China’s Belt and Road Initiative (BRI) includes infrastructure projects around the world on such an enormous scale that it can produce either significant benefits or damaging consequences for tens of millions of people, depending on how well these projects are designed, financed, executed, and operated. Many project host countries have vulnerable populations whose voices and concerns may be overlooked and who may suffer disproportionately from problems with one or more BRI projects. Furthermore, Chinese financiers, developers, and contractors may be unfamiliar with the local environment, language, or culture.
In 2019, the Asia Society Policy Institute (ASPI) published a report, Navigating the Belt and Road Initiative, which identified problems and advanced recommendations aimed at helping BRI projects yield beneficial and sustainable outcomes. ASPI found that many BRI projects did not adequately address land rights, community health and safety (H&S), gender equity, labor standards, and other important issues. Research also showed that clear and accessible information about BRI projects — and their impacts — was not being provided to the affected communities and that formal mechanisms were not created to allow local people to seek redress for problems resulting from these projects. ASPI’s report made two key recommendations: first, that BRI project planners should conduct thorough social impact assessments (SIAs), and second, that community members and host country stakeholders should be informed, consulted, and engaged throughout the life cycle of each infrastructure project. This toolkit is designed to help both local populations in and around BRI project areas and Chinese contractors, developers, and financiers better handle these challenges and implement the recommendations.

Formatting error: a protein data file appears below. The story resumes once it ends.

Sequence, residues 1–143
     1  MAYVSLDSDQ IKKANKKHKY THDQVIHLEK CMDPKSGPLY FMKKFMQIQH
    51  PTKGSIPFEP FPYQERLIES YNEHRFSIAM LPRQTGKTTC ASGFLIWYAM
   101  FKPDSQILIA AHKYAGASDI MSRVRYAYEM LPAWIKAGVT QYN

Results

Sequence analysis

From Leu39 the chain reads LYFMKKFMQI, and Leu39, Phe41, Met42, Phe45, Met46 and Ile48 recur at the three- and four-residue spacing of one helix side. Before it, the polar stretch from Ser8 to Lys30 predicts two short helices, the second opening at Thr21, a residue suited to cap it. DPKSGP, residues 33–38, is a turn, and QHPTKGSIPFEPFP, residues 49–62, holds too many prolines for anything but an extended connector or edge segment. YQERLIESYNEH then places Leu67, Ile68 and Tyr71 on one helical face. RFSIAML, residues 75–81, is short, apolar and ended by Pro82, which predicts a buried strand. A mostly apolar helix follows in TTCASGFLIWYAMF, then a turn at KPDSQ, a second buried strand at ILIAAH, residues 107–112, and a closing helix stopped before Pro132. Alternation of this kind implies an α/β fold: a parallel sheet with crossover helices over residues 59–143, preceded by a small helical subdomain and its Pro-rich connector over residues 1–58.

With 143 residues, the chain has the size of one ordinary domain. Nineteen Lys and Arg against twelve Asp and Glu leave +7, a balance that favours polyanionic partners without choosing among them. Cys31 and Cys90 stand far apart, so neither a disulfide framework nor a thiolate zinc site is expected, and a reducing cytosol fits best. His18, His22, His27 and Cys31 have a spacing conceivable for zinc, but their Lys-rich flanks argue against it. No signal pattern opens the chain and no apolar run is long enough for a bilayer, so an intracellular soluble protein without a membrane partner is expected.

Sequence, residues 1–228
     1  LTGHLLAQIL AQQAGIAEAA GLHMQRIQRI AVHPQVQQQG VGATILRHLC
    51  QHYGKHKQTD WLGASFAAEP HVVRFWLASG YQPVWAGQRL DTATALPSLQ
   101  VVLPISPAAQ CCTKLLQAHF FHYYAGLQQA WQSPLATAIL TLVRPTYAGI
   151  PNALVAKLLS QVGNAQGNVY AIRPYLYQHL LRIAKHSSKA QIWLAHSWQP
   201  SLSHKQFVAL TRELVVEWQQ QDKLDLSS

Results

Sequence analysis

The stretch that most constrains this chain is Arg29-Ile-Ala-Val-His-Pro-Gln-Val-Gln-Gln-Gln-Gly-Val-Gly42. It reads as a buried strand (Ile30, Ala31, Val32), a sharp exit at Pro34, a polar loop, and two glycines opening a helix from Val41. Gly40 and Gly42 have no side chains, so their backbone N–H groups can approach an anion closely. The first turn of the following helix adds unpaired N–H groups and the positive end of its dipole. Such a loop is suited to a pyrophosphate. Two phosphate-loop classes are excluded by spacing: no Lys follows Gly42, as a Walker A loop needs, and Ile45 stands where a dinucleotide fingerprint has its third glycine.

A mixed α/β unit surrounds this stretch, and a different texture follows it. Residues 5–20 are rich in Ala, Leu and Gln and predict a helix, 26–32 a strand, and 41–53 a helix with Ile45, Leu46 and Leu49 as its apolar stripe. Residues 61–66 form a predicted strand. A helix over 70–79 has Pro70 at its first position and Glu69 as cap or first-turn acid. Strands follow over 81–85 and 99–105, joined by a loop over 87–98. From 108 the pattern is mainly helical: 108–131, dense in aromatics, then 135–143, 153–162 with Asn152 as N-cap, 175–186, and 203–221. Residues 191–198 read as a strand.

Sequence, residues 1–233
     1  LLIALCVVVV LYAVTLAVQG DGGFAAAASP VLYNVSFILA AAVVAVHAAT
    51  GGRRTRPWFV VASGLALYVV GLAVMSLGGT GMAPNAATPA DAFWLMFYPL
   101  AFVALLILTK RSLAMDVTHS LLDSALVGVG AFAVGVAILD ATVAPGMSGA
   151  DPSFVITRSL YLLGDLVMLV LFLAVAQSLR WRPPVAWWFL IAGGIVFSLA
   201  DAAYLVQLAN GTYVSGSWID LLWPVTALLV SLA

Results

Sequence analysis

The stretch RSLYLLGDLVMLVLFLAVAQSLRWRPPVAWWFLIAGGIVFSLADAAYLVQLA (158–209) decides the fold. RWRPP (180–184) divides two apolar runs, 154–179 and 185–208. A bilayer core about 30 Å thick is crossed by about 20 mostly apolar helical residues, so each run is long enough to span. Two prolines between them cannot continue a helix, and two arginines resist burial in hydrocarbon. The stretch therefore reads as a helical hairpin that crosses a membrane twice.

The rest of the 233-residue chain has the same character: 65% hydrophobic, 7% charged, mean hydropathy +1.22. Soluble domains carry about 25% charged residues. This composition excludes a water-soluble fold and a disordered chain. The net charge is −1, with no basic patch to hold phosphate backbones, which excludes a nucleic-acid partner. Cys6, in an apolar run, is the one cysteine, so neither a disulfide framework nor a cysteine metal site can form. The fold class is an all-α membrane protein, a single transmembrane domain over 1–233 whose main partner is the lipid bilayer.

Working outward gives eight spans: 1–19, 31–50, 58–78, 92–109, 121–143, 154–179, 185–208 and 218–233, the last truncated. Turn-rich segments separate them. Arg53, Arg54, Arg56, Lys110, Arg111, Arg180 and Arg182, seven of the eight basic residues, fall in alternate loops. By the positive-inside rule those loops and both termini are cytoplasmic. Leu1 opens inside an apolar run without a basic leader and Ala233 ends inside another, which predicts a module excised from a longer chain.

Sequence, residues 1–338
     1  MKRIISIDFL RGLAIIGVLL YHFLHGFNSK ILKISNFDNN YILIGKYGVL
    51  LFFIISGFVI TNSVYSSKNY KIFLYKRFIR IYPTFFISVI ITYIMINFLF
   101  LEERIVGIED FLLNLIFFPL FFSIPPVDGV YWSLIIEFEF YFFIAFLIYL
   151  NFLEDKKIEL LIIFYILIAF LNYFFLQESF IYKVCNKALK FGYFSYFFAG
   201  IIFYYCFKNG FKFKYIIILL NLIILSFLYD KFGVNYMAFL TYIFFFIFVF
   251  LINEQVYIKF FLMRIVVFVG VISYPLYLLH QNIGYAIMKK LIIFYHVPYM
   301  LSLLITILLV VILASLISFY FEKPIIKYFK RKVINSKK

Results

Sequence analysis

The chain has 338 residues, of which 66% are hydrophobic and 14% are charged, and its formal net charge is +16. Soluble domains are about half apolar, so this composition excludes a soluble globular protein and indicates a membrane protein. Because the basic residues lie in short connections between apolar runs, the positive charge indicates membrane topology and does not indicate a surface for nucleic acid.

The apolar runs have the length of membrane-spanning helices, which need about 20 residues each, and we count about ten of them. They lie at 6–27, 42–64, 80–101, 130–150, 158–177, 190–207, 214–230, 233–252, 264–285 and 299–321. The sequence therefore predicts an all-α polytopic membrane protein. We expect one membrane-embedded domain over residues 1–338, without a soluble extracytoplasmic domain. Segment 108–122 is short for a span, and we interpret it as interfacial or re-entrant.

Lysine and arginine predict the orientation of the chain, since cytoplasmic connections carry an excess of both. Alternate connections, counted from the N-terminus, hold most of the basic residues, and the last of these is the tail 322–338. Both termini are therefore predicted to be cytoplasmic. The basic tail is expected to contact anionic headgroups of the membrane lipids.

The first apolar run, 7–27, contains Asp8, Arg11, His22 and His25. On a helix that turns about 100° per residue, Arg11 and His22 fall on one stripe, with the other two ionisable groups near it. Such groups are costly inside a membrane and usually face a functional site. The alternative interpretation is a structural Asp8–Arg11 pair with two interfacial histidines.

ASPI conducted research across Southeast and South Asia, with a particular focus on Cambodia, Laos, and Indonesia. These three countries host a variety of large-scale BRI projects; they were among the first states to join the initiative in 2013, and they are in different stages of economic development. Although the toolkit contains some country-specific information and will be available in the national languages of these three countries, it is meant to be useful to communities affected by BRI projects elsewhere in Asia and around the world. The Chinese (Simplified) version is meant to assist Chinese officials, financiers, developers, and contractors involved in BRI projects, particularly in Southeast Asia.
In undertaking this research, ASPI formed an Advisory Group of prominent Chinese and other international experts with experience in tracking overseas investment, developing environmental and social policies, creating strategies to facilitate stakeholder engagement, and advocating for inclusive and sustainable development as well as the rights and needs of local communities. ASPI also teamed up with nongovernmental organization (NGO) development partners in several countries in Southeast and South Asia that helped conduct fieldwork and organize stakeholder interviews and roundtables.